Before the discovery and destruction of an ancient alien ringworld, before a teeming parasitic enemy threatened Earth, before a soldier called John-117 made a new name for himself, humanity fought to defend the planet Reach. And though Halo: Reach is a prequel to all the Halo games that have come before, it represents the evolutionary pinnacle of the series. From the expertly tuned combat to the expansive level design and from the innovative online integration to the robust creation tools, all the pillars of Halo’s success are in top form here, tied together seamlessly by an elegant and intuitive menu system.
UK REVIEW-After shooting through scores of Covenant and Flood soldiers in three Halo first-person shooters, the United Nations Space Command’s story rewinds a few decades in Halo Wars. The game grants you command of both the human UNSC forces and their archenemy, the theocratic alliance of the Covenant. Halo Wars offers quality cinematic presentation and a simple control scheme that makes the game easy to pick up and play, but the limited amount of units, short campaign, and dearth of multiplayer modes make it ultimately feel stripped. Halo Wars is a fun playthrough for casual real-time strategy and Halo fans, but there’s not enough depth to win over hardcore strategy buffs.
The answer: It’s still really, really good. The campaign tells an intriguing story full of fluid action, fierce enemies, stirring music, and thrilling moments. The overhauled visuals look great; flipping between the classic and remastered presentation modes not only makes you realize what a thorough and faithful job the artists have done, but it also makes you appreciate how well the original art design stands the test of time.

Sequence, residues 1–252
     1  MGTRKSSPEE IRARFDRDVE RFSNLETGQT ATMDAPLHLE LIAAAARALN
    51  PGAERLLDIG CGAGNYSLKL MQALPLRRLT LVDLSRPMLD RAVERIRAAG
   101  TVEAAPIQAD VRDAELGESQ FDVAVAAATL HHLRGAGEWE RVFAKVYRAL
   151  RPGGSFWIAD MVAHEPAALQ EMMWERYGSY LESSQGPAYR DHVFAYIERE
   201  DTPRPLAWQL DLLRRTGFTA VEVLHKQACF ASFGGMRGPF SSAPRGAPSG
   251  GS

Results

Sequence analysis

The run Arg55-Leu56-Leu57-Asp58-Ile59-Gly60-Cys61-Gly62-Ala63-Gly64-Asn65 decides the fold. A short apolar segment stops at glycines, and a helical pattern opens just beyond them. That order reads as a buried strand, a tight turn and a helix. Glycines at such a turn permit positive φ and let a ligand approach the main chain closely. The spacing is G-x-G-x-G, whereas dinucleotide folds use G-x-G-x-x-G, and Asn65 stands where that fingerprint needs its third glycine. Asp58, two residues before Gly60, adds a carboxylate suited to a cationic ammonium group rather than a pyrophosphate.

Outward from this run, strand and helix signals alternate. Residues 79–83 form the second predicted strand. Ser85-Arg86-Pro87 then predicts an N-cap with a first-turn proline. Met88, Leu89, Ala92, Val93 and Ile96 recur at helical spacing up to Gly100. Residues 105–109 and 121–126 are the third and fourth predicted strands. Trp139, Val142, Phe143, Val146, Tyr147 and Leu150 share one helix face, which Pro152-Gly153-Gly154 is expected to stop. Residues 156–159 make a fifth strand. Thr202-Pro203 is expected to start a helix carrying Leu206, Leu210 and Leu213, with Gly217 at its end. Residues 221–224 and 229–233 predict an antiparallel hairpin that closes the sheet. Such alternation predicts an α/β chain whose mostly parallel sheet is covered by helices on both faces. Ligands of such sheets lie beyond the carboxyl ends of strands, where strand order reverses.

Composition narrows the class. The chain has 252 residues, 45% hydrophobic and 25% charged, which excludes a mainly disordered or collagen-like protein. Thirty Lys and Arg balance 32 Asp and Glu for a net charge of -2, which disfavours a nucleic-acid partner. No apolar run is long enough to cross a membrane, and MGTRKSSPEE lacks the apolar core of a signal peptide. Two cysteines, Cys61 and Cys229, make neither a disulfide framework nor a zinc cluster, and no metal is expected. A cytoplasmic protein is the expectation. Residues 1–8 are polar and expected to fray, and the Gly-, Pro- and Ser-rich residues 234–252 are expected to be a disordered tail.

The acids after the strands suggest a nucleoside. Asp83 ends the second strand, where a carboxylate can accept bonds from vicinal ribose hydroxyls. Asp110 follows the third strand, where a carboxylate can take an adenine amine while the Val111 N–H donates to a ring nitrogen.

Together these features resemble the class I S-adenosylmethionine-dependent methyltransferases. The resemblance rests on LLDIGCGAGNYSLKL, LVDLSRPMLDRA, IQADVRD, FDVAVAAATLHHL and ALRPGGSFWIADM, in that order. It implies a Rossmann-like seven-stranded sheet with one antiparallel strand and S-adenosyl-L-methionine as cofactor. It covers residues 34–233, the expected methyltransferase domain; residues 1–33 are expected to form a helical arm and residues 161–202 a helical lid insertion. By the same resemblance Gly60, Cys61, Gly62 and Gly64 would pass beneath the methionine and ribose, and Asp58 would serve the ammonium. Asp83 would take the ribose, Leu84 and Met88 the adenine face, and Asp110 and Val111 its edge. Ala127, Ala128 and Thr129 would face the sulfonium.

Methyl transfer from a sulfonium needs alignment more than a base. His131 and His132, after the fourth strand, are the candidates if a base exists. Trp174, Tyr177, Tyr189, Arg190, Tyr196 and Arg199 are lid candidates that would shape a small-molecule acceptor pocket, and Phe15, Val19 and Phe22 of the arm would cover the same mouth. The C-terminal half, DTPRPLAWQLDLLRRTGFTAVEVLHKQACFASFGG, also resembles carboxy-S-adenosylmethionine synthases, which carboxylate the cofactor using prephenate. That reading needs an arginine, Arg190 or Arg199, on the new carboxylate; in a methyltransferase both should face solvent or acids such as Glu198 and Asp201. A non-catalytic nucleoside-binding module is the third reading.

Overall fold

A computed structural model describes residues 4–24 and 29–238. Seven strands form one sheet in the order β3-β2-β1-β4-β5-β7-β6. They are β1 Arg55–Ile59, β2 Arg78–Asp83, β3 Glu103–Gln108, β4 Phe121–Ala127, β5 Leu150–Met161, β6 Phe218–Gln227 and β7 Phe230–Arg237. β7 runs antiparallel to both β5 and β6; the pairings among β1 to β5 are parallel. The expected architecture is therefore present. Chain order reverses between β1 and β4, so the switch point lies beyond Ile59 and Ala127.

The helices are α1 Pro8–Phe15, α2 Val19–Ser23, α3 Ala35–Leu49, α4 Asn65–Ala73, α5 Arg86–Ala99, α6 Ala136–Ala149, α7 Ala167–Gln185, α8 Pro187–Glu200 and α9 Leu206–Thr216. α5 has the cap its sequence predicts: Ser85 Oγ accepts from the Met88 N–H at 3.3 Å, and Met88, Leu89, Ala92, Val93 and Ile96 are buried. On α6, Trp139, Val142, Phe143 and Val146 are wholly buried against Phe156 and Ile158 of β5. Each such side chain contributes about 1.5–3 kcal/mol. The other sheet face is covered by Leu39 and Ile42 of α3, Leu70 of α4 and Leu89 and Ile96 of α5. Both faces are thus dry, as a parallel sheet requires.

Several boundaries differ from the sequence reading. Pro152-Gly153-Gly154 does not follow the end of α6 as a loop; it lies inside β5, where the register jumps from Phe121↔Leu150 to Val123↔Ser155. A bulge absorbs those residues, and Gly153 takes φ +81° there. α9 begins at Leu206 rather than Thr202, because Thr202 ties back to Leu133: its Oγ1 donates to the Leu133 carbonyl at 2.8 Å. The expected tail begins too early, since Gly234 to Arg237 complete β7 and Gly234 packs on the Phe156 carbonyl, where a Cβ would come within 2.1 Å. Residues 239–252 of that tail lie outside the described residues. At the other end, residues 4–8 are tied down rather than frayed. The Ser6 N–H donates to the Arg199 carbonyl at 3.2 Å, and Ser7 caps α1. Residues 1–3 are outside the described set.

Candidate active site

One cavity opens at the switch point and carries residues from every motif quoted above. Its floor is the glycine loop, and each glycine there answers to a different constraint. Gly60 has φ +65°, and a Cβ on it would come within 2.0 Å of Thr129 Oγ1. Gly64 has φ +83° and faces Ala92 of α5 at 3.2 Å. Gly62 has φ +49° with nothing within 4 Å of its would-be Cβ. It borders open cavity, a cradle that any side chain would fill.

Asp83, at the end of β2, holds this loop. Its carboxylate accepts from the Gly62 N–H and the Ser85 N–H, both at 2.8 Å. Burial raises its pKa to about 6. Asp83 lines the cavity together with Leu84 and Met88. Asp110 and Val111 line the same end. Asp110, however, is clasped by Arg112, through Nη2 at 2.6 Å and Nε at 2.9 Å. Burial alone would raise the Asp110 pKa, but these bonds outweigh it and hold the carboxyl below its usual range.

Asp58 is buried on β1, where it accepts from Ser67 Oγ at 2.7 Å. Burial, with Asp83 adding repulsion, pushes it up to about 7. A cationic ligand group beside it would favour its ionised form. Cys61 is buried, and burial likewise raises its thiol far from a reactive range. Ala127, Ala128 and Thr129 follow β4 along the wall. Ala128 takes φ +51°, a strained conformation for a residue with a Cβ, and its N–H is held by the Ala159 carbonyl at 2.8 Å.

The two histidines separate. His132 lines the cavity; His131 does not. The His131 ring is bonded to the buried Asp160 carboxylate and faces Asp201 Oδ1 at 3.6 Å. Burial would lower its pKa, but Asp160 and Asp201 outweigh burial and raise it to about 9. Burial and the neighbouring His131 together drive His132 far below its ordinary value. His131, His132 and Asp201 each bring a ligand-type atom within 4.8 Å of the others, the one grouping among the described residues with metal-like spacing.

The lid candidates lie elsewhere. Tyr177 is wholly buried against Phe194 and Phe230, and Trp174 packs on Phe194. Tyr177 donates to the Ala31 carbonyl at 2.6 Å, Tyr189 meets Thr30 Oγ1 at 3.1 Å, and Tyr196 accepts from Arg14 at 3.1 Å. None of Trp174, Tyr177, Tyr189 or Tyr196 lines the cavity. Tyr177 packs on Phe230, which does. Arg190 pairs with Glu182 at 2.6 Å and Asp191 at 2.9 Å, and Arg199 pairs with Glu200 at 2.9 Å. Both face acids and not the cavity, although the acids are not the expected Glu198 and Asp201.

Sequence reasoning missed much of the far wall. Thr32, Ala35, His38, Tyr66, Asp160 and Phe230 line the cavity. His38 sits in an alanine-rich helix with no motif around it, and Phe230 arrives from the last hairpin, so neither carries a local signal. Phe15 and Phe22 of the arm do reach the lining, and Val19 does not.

Halo 2 was released on the Xbox back in 2004, and as you’re probably aware of by now, it was a huge success. The first-person shooter added online multiplayer to the proceedings, and despite a universally reviled cliff-hanger ending, it was really something special on the Xbox. Three years later, it’s now available as one of the first Vista-only PC games. It’s still easy to see why this game was so loved on consoles in its day, but when you put it in direct comparison with recent PC shooters, it loses a ton of its appeal, making it best suited for Halo fans who want a good way to play or make custom maps.
Halo 3, the long-awaited sequel to one of the most widely praised, most influential first-person shooters ever created, has a very tough act to follow. Fortunately, it’s built on a foundation that’s as strong as they come. The game’s success was preordained-publisher Microsoft tallied more than 1.5 million Halo 3 preorders in the weeks leading up to the game’s release, which demonstrates just how confident Halo’s fans are in the sequel’s quality.